Project description:Gut inflammation caused by various factors including microbial infection leads to disorder of absorption of dietary nutrients and decrease in egg production in laying hens. We hypothesized that intestinal inflammation may affect egg production in laying hens through its impact on liver function. Dextran sodium sulphate (DSS) is known to induce intestinal inflammation in mammals, but whether it also induces inflammation in laying hens is not known. The goal of this study was to assess whether oral administration of DSS is a useful model of intestinal inflammation in laying hens and to characterize the effects of intestinal inflammation on egg production using this model. White Leghorn hens (350-day old) were administrated with or without 0.9 g of DSS/kg BW in drinking water for 5 D (n = 8, each). All laid eggs were collected, and their whole and eggshell weights were recorded. Blood was collected every day and used for biochemical analysis. Liver and intestinal tissues (duodenum, jejunum, ileum, cecum, cecal-tonsil, and colon) were collected 1 D after the final treatment. These tissue samples were used for histological analysis and PCR analysis. Oral administration of DSS in laying hens caused 1) histological disintegration of the cecal mucosal epithelium and increased monocyte/macrophage infiltration and IL-1?, IL-6, CXCLi2, IL-10, and TGF?-4 gene expression; 2) decreased egg production; 3) increased leukocyte infiltration and IL-1?, CXCLi2, and IL-10 expression in association with a high frequency of lipopolysaccharide-positive cells in the liver; and 4) decreased expression of genes related to lipid synthesis, lipoprotein uptake, and yolk precursor production. These results suggested that oral administration of DSS is a useful method for inducing intestinal inflammation in laying hens, and intestinal inflammation may reduce egg production by disrupting egg yolk precursor production in association with liver inflammation.
Project description:Water-soluble dietary fiber is known to modulate fecal microbiota. Although there are a few reports investigating the effects of fiber intake timing on metabolism, there are none on the effect of intake timing on microbiota. Therefore, in this study, we examined the timing effects of inulin-containing food on fecal microbiota. Mice were housed under conditions with a two-meals-per-day schedule, with a long fasting period in the morning and a short fasting period in the evening. Then, 10-14 days after inulin intake, cecal content and feces were collected, and cecal pH and short-chain fatty acids (SCFAs) were measured. The microbiome was determined using 16S rDNA sequencing. Inulin feeding in the morning rather than the evening decreased the cecal pH, increased SCFAs, and changed the microbiome composition. These data suggest that inulin is more easily digested by fecal microbiota during the active period than the inactive period. Furthermore, to confirm the effect of fasting length, mice were housed under a one-meal-per-day schedule. When the duration of fasting was equal, the difference between morning and evening nearly disappeared. Thus, our study demonstrates that consuming inulin at breakfast, which is generally after a longer fasting period, has a greater effect on the microbiota.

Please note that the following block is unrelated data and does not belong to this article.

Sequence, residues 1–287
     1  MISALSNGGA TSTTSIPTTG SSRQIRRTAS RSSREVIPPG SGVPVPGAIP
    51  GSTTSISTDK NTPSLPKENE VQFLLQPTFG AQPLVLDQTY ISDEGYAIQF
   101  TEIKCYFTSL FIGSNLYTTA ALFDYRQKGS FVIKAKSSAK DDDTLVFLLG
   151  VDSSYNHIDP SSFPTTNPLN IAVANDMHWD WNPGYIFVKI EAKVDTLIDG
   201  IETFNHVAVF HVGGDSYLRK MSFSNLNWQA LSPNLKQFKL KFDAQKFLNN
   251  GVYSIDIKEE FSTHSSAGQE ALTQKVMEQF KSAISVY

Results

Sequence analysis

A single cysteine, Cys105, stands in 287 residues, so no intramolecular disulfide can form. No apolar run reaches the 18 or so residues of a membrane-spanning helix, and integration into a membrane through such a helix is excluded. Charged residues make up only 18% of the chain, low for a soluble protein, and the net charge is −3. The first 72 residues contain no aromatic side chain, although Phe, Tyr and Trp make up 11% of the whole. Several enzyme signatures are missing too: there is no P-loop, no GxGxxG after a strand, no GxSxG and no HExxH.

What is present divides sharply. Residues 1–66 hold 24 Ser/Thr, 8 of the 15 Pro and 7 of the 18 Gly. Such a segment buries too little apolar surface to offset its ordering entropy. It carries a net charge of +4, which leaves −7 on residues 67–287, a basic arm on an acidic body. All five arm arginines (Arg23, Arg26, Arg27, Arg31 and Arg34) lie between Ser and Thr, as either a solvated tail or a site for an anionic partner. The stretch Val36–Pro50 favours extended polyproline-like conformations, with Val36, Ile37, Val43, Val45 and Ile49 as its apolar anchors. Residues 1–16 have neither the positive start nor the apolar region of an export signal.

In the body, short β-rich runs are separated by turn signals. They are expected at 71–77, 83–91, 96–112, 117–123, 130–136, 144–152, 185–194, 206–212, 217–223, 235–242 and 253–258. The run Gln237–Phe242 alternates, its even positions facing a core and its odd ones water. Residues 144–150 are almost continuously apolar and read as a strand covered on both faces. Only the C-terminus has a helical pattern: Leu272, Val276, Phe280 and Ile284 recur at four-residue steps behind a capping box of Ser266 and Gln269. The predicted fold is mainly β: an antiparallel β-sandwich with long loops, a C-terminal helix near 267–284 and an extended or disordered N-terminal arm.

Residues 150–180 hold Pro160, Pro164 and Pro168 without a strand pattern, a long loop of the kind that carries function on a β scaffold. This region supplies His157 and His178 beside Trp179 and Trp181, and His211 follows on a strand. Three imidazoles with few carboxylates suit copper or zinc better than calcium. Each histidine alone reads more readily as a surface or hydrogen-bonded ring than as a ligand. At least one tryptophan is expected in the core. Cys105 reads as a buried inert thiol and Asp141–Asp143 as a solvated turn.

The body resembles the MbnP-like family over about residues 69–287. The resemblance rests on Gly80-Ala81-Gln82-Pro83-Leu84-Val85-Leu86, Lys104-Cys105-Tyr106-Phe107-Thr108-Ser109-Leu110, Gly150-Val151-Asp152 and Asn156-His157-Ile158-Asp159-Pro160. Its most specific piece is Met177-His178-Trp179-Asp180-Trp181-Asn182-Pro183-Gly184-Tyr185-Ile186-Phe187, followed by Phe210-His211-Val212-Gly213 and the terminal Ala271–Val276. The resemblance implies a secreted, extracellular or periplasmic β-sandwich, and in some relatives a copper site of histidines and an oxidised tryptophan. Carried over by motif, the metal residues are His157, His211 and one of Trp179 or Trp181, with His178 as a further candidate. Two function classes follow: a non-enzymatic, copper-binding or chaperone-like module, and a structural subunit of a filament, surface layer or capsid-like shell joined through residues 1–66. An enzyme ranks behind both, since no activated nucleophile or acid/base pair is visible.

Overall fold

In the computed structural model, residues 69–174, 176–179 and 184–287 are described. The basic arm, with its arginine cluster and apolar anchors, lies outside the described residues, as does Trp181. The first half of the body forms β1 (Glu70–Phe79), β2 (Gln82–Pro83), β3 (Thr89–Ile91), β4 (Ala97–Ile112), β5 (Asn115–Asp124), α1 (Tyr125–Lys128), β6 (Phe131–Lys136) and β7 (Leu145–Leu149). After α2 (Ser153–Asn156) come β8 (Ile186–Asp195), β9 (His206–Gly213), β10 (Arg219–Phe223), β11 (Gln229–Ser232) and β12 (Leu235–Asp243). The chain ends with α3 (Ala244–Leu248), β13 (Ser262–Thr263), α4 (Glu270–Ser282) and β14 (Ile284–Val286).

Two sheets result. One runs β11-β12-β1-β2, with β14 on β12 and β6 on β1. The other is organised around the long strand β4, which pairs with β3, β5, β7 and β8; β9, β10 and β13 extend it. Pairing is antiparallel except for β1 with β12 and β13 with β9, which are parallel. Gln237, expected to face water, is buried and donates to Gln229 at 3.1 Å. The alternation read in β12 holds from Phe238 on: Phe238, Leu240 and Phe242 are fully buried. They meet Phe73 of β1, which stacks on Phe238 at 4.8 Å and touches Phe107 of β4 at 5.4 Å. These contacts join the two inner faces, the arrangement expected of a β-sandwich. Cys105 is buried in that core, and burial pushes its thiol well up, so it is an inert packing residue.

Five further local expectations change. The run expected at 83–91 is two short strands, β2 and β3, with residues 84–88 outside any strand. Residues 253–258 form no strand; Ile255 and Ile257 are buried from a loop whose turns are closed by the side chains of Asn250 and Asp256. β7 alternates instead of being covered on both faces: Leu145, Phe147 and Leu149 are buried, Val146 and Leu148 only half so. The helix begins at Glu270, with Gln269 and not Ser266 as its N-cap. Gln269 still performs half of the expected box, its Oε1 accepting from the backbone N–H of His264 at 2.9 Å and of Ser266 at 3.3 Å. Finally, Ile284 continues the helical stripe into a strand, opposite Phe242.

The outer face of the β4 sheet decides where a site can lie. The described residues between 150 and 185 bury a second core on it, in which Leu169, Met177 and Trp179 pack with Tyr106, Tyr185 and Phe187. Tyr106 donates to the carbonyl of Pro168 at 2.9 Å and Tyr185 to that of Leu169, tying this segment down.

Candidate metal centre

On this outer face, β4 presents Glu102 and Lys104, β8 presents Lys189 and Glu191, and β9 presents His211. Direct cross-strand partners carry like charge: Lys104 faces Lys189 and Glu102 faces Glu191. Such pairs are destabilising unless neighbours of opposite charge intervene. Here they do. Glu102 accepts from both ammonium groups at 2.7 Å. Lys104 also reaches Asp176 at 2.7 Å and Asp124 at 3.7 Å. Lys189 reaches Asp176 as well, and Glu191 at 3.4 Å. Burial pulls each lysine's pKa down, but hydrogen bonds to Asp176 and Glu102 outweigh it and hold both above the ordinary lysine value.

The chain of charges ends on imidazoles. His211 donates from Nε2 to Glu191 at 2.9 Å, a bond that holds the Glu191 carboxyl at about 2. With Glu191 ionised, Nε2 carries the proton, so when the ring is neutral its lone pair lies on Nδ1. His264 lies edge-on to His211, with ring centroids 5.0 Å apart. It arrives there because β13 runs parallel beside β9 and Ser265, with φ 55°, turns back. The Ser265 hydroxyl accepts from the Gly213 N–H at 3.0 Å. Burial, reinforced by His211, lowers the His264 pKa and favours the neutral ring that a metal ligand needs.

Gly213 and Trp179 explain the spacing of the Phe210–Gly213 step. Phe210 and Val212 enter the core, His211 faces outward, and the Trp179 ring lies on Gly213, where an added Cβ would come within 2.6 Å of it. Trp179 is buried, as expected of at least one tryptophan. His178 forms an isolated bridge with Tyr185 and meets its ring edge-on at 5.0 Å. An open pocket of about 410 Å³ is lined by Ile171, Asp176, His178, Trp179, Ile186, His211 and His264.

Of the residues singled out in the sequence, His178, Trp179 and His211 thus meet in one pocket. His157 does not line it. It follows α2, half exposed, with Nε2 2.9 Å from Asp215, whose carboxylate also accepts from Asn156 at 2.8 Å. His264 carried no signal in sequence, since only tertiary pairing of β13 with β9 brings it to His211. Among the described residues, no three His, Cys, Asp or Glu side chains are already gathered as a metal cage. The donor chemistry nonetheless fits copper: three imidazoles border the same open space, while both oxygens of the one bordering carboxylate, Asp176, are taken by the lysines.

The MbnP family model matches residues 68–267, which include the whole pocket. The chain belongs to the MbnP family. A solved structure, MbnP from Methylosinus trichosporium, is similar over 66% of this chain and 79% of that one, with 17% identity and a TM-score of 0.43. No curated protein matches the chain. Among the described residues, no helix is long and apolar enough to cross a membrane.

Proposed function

Project description:Due to animal welfare issues, European Union has banned the use of conventional cages (CC) and non-EU countries including the US are also under constant public pressure to restrict their use in egg production. Very limited information is available on the composition of the microbial community of hens raised in different housing environments. This study was conducted to determine the effects of CC and enriched colony cages (EC) on cecal microbiota of two commercial laying hen strains, Hy-Line W36 (W36) and Hy-Line Brown (HB) during the late production stage (53, 58, 67, and 72 weeks of age). Cecal microbiota was studied by analyzing 16S rRNA gene sequences with Quantitative Insights Into Microbial Ecology (QIIME) 2 ver. 2018.8. Differentially abundant taxa were identified by Linear discriminant analysis Effect Size (LEfSe) analysis (P < 0.05, LDA score > 2.0). At phylum level, Actinobacteria was significantly enriched in W36 at all time points while Synergistetes (53 weeks), Spirochaetes (58 weeks), and Synergistetes and Spirochaetes (67 weeks) were significantly higher in HB. At genus level, Bifidobacterium (at all time points) and butyric acid producing genera such as Butyricicoccus and Subdoligranulum (58 and 72 weeks) were significantly higher in W36 as compared to HB. Moreover, Proteobacteria (72 weeks) and its associated genus Campylobacter (67 and 72 weeks) were significantly enriched in EC as compared to CC. Alpha diversity was significantly higher in HB (at all time points) and in EC (67 weeks) as compared to W36 and CC, respectively. Similarly, there was a significant difference in community structure (beta diversity) between W36 and HB (all time points) as well as between EC and CC (67 weeks). The effect of housing and strains was not only seen at the bacterial composition and structure but also reflected at their functional level. Notably, KEGG metabolic pathways predicted to be involved in carbohydrates degradation and amino acids biosynthesis by PICRUSt analysis were significantly different between W36 and HB housed at CC and EC. In sum, cecal microbiota composition, diversities, and their functional pathways were affected by housing type which further varied between two commercial laying hen strains, HB and W36. This suggests that both housing and genetic strains of laying hens should be considered for selection of the alternative housing systems such as enriched colony cage.